The MMA Rant 1.05.12: Daniel Cormier, Nate Marquardt, Pat Healy, and Dan Severn
Welcome to The New Year’s Edition of the MMA Rant. While I’m sure the majority of you spent New Year’s Eve in a state of ultra-intoxication, I was unfortunately at work. The result was that I witnessed a ton of buffoonery and can actually remember every freakin’ minute of it.
UFC 155: Dos Santos vs. Valesquez II unfolded quite nicely for us this past Saturday, and although much of the PPV card was fairly forgettable (and thankfully so) the co-main event and main event saved the entire card.
But, before we get to that, lets address some reader comments from last week:
PWNICON writes: Regarding Strikeforce: I’m sure we will eventually find out what the real story is. I just think it was such a shitty situation for the fighters whereby their contracts were with Showtime, and they just couldn’t jump off the ship that everyone saw sinking. I liked Strikeforce, their HVweight tournament PPVs were all worth the money I paid to order them, which as a fan it’s basically all you ask for.
I’m not sure we’ll ever know the truth about Strikeforce or if there is even a truth to discover. I think Scott Coker sold his soul to make deals with Showtime and the promotion was screwed afterwards. Still, you can’t deny that closing Strikeforce really just eliminates one of Dana White’s many headaches. He can claim that he didn’t want Strikeforce to fail, but the result is he doesn’t have to deal with Showtime anymore and he gets to pillage the fighters he’s always wanted fighting for the UFC.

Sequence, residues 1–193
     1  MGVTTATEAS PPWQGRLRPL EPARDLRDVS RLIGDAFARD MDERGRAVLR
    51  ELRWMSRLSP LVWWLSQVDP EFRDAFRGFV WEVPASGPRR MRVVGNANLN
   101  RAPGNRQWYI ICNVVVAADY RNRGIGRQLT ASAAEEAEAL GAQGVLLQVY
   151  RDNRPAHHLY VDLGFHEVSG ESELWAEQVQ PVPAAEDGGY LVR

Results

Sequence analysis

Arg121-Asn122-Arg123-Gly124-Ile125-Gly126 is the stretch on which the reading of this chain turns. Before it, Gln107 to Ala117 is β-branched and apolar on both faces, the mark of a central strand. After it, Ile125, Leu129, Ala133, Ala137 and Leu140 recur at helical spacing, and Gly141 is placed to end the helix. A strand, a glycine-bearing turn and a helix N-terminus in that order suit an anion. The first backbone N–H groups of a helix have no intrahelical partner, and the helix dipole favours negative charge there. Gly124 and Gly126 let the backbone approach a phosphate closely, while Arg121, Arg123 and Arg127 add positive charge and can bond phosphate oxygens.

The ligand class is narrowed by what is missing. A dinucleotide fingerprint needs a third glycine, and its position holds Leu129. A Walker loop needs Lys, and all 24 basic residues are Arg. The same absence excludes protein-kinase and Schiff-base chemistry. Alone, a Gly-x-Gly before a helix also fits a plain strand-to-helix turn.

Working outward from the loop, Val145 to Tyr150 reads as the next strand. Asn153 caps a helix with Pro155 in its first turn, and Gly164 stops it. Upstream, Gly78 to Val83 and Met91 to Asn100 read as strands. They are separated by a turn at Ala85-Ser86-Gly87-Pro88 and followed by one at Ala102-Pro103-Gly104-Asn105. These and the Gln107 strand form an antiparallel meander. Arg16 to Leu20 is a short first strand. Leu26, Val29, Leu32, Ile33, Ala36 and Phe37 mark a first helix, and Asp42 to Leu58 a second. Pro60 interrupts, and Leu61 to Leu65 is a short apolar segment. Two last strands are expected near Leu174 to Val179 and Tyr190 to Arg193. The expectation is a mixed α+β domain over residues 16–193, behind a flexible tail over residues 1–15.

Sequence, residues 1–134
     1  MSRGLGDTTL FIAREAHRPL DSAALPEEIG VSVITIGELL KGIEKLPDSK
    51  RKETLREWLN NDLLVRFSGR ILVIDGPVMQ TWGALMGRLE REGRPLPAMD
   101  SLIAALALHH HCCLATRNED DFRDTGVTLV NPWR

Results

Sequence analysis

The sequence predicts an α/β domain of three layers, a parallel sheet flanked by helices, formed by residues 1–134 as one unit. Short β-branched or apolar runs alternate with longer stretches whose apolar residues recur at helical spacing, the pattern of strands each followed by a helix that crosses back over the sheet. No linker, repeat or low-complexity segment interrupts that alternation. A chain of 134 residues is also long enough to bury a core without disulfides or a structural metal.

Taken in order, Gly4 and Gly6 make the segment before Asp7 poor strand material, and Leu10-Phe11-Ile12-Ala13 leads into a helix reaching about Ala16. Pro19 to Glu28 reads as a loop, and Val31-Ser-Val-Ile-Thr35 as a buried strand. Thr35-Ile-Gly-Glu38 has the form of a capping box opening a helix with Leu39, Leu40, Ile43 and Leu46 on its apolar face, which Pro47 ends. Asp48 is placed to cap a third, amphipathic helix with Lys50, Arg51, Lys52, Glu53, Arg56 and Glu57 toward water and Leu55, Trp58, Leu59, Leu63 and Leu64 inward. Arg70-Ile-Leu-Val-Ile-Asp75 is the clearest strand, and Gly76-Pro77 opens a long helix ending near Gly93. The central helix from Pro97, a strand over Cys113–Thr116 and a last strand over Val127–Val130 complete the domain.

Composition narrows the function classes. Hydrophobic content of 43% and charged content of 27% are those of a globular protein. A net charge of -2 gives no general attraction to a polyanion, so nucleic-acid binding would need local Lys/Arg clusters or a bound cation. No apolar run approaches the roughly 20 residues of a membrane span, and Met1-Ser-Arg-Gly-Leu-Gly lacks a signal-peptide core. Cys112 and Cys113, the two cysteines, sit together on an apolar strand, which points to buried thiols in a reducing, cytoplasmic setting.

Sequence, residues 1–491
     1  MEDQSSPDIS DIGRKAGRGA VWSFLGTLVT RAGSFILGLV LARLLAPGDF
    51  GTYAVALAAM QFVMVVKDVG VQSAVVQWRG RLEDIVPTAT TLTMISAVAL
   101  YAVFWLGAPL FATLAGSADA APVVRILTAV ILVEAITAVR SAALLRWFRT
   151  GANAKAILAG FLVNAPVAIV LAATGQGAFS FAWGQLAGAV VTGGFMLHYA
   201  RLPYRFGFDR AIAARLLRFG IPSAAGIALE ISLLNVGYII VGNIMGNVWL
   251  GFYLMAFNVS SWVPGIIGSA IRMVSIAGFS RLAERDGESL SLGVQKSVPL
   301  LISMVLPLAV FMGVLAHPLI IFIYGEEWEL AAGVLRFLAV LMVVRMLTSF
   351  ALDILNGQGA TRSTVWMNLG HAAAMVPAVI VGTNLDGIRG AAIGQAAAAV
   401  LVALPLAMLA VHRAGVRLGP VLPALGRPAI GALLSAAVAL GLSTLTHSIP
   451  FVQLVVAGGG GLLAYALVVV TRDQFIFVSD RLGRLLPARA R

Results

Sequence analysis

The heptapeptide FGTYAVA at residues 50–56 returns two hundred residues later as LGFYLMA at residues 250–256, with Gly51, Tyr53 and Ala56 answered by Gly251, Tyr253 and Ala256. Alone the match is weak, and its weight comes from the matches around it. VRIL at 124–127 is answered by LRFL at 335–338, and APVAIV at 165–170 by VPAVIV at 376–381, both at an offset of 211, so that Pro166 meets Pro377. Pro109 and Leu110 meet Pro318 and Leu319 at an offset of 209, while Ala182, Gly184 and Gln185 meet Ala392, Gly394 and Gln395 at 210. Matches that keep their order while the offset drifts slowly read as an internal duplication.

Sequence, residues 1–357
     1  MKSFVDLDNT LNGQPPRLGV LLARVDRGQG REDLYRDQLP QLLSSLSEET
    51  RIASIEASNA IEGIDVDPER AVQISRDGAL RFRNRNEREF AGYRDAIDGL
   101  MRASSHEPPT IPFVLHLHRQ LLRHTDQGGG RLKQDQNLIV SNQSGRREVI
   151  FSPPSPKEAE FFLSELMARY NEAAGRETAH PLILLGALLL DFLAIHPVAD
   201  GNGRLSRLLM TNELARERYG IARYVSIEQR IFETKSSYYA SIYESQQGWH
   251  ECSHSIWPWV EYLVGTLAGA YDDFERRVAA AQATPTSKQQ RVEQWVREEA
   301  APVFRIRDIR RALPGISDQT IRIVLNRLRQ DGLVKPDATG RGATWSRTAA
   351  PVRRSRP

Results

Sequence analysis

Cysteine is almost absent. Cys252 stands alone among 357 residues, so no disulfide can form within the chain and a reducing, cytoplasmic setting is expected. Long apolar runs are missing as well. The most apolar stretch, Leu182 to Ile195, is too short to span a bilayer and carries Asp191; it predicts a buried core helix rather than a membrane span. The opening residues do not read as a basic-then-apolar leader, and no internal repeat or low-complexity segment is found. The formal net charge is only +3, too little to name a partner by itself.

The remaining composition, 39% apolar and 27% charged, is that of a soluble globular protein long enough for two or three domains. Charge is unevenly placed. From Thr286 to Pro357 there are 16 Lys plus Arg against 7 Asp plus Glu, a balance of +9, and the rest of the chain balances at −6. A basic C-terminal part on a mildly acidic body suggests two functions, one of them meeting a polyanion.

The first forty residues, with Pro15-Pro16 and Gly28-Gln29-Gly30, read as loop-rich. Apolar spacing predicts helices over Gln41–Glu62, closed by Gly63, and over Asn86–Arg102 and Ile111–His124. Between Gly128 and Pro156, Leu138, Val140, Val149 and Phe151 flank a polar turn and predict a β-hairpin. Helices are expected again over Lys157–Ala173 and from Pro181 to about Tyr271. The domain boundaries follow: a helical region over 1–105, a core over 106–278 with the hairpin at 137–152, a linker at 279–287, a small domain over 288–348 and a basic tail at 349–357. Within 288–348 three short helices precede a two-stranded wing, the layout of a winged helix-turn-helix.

Paul Daley: I just think this guy is an idiot. Koscheck proved his shortcomings, he got himself fired, got an extremely lucky break with Strikeforce, and then Diaz knocked him out. Some guys are just their own worst enemy.
I can’t agree with you more on this.
On 2012 and injuries: Yeah in a perfect world maybe. Of course in a perfect world there wouldn’t be injuries. I don’t think you tell guys to lighten up in training. Realistically all you can hope for is that guys training for fights have the space to do so so they don’t get injured like we’ve seen with people sparring knocking into another pair sparring and putting their knee out.
You can’t stop guys from training hard though, it just wouldn’t work. Is a solution needed? Yeah, maybe. Do fighters dropping out have anything to do with the insurance? Maybe. Do I have that solution though? No.
I’ll answer this in my next portion.
Our own Jeff Harris from the 3 R’s makes the woeful mistake of trying to correct me:
Scott your ideas about the injuries aren’t really effective or possible if you think about. Regarding a study with doctors about these injuries that have been occurring, this was brought up on the MMA Beat a little while ago. One of the reporters on the panel asked a doctor about a study basically like what you just mentioned. And the doctor basically said a study would like this would cost in the millions. The injuries aren’t isolated to just UFC fighters either.